Man does not live by burger alone. Were that the case, we'd all blindly consume the stale-bunned, hockey pucks at the nearest McKing. True burger fans hunger for a deeper understanding of their favorite food, and, luckily, two books that lavish obsessive attention on this dish are hitting bookstores in April.
And while two burger books in one month might seem a bit much, they're two very different and complementary works.
While Ozerksy's book is a fascinating history of the hamburger packed with essential facts and lore and a handful of illustrations, Motz's is a rollicking road trip of a book crammed with mouthwatering photos and quirky stories.
It's often said that you don't know where you're going unless you know where you've been, and Ozersky's is the book you'd read to orient yourself before grabbing Motz's and hitting the highway on a burger road trip.
The Hamburger: A History
You'd think a book coming out of the Yale University Press would be as dry as a well-done burger, but The Hamburger: A History is instead a slim, handsomely jacketed book with more cuts of juicy knowledge than should rightly fit in its 133 pages. In five easy chapters, Ozersky handily deals with the contentious origins of the burger—which world culture spawned it and who invented the version we know today?—and then takes the reader on a fast-paced journey from the ramshackle hamburger stands of the early 1900s to White Castle (the original king of fast food) to the '50s and '60s, which see the rise and consolidation of the burger giants we know all too well today. With the '70s, Ozersky says, the burger backlash started, with people objecting to its symbolism, so iconic it was of American imperialism. And of course, with the '80s and '90s, we get the environmental backlash. Which brings us to today, with its focus on chef-driven burgers and a renewed interest in mom and pop burger joints.
As a lay burger-history student myself, I've read much of the literature Ozersky draws from, but I still found myself glued to the material I already knew—a testament to his humor and wit. If you've familiar with his work in Meat Me in Manhattan or as the editor of New York magazine's Grub Street, you'll find a similar wryness in this book. He's that cool GTA who made that otherwise-dull required class into a course you never skipped, drawing lines from topics such as Pop Art, Susan Sontag's 1964 essay "Notes on Camp," and the Whole Earth Catalog to burgers.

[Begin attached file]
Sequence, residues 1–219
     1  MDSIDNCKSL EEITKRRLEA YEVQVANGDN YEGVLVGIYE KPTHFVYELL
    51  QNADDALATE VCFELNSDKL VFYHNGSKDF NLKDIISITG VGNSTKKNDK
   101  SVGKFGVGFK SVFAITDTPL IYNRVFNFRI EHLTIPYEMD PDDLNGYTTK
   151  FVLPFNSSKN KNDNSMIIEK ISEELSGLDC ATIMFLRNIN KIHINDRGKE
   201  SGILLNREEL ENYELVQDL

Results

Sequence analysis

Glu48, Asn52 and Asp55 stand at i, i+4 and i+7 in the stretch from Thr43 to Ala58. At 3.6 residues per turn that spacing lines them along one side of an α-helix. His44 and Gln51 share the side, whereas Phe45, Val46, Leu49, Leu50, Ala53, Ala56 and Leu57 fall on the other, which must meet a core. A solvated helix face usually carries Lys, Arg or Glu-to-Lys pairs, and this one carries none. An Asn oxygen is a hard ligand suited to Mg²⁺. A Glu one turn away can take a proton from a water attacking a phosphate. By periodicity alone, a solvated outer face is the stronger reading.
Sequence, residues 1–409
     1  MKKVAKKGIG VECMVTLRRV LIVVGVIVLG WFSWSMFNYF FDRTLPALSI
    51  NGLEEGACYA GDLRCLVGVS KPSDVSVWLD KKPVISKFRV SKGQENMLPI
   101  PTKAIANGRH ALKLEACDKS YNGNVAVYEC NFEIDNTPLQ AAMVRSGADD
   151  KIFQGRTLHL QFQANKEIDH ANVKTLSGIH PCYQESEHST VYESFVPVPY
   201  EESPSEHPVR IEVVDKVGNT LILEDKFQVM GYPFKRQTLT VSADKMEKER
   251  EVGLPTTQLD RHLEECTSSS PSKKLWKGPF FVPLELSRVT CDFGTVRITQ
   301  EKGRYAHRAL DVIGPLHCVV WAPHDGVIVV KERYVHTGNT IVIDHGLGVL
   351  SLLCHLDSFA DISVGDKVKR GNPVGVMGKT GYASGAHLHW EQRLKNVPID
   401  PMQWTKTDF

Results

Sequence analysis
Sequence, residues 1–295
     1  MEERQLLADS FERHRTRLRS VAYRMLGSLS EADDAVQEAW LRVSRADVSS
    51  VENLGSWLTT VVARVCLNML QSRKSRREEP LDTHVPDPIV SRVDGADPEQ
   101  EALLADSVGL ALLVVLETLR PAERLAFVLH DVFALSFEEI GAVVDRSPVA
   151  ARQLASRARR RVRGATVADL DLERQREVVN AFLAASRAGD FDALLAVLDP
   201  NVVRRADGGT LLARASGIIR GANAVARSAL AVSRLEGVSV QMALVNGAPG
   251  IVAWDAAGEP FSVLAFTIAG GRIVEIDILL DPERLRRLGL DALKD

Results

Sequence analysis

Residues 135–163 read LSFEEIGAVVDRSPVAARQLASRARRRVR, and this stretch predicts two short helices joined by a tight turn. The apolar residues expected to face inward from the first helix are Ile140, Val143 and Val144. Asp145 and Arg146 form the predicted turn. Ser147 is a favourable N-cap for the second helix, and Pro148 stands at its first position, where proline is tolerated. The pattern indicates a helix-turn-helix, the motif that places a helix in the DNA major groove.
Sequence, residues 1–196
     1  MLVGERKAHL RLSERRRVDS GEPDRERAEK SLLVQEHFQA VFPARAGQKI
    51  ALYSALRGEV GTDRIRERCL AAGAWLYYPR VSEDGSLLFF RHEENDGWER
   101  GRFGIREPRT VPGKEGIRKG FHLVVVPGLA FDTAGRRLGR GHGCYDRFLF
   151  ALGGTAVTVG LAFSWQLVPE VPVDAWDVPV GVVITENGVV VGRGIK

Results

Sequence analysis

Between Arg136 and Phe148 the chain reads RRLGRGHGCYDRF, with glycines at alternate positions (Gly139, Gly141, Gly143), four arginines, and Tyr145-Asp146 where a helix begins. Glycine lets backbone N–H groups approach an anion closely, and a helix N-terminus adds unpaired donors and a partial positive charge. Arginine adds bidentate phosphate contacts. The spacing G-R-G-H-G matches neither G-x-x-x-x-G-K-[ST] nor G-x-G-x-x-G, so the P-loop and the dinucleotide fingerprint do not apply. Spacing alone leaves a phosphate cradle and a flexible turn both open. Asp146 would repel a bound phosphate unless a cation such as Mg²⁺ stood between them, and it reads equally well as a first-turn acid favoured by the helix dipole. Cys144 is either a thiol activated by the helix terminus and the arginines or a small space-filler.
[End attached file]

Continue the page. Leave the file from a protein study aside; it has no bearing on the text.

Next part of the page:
Where other burger-history books or burger-titan bios are dry and of interest only to someone with an unhealthy obsession, Ozersky's The Hamburger is completely accessible without playing down to the stereotypical burger-loving meathead.
Hamburger America: One Man's Cross-Country Odyssey to Find the Best Burgers in the Nation
It's usually the case that a book spawns a movie, not the other way around, but that's just what happened with Motz's Hamburger America. I've written plenty about Motz on this site, mostly about that burger documentary of the same name, in which he visits eight different indie burger joints around the nation and draws out the unique and charming stories behind them.
The book Hamburger America (which comes packaged with a DVD of the movie) is a continuation of the movie in a way. The original eight movie joints are in it, along with 92 additional places for you to drool over. With the exception of historical photos peppered throughout, Motz took all the pictures for the book, and proves himself just as adept with a still camera as with video. With exceptions, most of the 100 joints mentioned get either an architectural shot highlighting the well-worn charm of the place or a beautiful example of studio-quality burger porn—sometimes both.
Throughout, there are small sidebars with burger trivia—like the story of Hollywood director Todd Field helping replace the signature (and out-of-production) serving cups at the Apple Pan in L.A. after customers stole them all as keepsakes.
Though he tries to pull the whole "I'm not a writer, I'm a filmmaker" thing in the acknowledgements, Motz's voice conveys his enormous enthusiasm for burgers in an infectious way. This book will inspire weekend roadtrips—keep it in your glove compartment after you're done reading it.
Full disclosure: I know both Ozerksy and Motz and have worked with them both on AHT content in the past. Though I hope you'd know by now that I wouldn't recommend either of these books if I didn't believe in them.